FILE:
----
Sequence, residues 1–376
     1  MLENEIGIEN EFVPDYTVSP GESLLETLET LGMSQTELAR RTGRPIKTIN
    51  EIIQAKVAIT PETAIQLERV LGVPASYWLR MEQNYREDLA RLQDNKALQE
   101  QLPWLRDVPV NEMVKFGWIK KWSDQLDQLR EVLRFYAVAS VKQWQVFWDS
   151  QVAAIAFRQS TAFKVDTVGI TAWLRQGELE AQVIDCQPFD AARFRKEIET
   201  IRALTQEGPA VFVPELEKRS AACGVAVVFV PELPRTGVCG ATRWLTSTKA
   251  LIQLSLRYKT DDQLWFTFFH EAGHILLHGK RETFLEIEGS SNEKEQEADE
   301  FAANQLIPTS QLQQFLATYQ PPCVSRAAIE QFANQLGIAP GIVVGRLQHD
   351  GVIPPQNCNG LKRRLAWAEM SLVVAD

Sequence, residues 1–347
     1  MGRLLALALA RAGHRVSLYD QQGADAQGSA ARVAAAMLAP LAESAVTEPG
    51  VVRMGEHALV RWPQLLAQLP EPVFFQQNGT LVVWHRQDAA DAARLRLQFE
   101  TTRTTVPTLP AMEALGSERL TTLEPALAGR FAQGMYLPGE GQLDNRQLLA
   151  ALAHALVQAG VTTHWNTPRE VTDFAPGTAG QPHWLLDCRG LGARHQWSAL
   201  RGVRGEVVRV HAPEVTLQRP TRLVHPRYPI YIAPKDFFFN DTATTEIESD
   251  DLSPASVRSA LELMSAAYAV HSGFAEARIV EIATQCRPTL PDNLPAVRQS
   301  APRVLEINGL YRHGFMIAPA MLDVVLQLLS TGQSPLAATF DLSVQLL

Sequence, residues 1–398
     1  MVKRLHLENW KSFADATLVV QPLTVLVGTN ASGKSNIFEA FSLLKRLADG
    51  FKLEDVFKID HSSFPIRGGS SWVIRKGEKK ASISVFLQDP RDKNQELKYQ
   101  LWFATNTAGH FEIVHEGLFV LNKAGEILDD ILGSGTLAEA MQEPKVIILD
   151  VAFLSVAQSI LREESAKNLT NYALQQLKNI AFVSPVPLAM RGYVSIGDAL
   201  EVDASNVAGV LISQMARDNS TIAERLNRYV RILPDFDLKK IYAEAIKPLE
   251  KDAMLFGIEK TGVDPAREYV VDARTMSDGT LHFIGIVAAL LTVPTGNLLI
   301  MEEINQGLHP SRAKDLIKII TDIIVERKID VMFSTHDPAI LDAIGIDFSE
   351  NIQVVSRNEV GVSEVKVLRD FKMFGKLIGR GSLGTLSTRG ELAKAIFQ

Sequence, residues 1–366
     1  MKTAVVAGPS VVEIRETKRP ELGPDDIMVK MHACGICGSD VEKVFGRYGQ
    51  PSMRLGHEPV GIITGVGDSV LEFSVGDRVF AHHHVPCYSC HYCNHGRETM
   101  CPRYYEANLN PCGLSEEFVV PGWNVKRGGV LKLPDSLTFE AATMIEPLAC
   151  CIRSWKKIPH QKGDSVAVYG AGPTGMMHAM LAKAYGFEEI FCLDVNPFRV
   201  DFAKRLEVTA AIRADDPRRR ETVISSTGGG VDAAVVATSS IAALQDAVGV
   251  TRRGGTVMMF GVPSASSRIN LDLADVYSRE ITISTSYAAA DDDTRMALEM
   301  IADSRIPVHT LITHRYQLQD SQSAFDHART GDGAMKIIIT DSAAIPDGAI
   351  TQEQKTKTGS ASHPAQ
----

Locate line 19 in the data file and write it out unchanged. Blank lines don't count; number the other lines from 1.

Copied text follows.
     1  MVKRLHLENW KSFADATLVV QPLTVLVGTN ASGKSNIFEA FSLLKRLADG